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Parasite signals a multipolar popular culture world

What happened?

In the Oscar academy’s 92-year history, the South-Korean Parasite is the first non-English language film to win the main award of best picture (in total, the movie by Bong Joon-ho won four Oscars). This is a remarkable success, especially when compared to Netflix’s performance at the award show, with 24 nominations, but only winning two Oscars and its most-hyped movie The Irishman not winning any Oscar at all. Immediately, international filmmakers and distributors considered Parasite’s success not just as a case for the Oscars to encompass more than just Western films in the future, but also more general to open the door to global cinema.

What does this mean?

In his acceptance speeches, Bong Joon-ho specifically recognized and quoted the famous American film director Martin Scorsese (director of The Irishman) as his source of inspiration. Also, the movie follows Joseph Campbells hero’s journey, the storyline that is typical for many American movies. Still, Parasite is getting audiences around the world to watch non-English content, something that has been considered a challenge before. Furthermore, in an interview, Bong Joon-ho recognizes that the movie caries very subtle details that Western audiences won’t notice, such as the meaning of the Taiwanese cake shop in the movie, that stands for a failure of trying to make it by working hard and opening up a business. These subtleties like cultural symbols and messages are of particular importance: popular culture like movies are considered important soft power assets and as the world is reaching the end of the Atlantic era, American soft power might be increasingly challenged by soft power from other cultures.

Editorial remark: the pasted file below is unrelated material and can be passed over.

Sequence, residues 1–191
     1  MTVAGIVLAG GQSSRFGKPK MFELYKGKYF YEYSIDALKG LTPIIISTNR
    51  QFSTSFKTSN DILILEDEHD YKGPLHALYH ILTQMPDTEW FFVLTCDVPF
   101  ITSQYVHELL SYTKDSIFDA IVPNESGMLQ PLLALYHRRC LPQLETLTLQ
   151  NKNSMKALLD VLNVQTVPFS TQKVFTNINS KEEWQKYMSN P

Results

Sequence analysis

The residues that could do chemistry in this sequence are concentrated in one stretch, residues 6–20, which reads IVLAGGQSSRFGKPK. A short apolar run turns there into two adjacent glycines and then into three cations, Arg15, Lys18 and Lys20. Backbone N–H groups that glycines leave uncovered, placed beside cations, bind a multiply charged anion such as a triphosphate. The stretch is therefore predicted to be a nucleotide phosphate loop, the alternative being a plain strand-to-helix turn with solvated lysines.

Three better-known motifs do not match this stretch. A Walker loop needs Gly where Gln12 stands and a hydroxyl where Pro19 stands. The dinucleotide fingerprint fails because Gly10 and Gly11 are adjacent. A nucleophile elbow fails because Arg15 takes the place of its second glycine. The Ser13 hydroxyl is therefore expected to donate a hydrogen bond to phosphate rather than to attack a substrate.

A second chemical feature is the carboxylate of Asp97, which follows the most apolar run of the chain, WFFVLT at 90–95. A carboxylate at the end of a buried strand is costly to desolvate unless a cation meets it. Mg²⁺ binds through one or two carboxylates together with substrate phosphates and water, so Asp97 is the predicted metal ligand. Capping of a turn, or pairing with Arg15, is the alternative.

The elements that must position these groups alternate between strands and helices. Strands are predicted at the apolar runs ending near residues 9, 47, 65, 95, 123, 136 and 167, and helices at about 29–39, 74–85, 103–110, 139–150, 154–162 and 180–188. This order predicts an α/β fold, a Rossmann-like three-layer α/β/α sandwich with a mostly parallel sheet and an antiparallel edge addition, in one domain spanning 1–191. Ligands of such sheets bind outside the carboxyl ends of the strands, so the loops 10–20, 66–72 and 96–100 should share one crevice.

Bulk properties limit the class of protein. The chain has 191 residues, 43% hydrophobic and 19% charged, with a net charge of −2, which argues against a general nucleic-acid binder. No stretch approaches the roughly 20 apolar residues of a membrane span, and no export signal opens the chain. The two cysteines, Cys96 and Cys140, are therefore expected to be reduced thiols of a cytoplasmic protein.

What’s next?

Indeed, Western streaming platforms are getting ready for this new ‘global cinema’ or multipolar media world reality. Although Netflix is still primarily focusing on American content and its selection of locally-made programs is still small, it is starting to make its (Western) audiences comfortable with subtitles (including the Spanish “Elite”, the French “Call My Agent!”, the German “Dark”, and the Japanese “Atelier”) and ramping up investment in localized foreign language content (particularly in Europe and Asia). This is not only to fight domestic competition by captivating users with high-quality international productions, but also not to risk to be conceived as a boring, uniform platform predominantly broadcasting American content in a world where audiences are ready for more global content.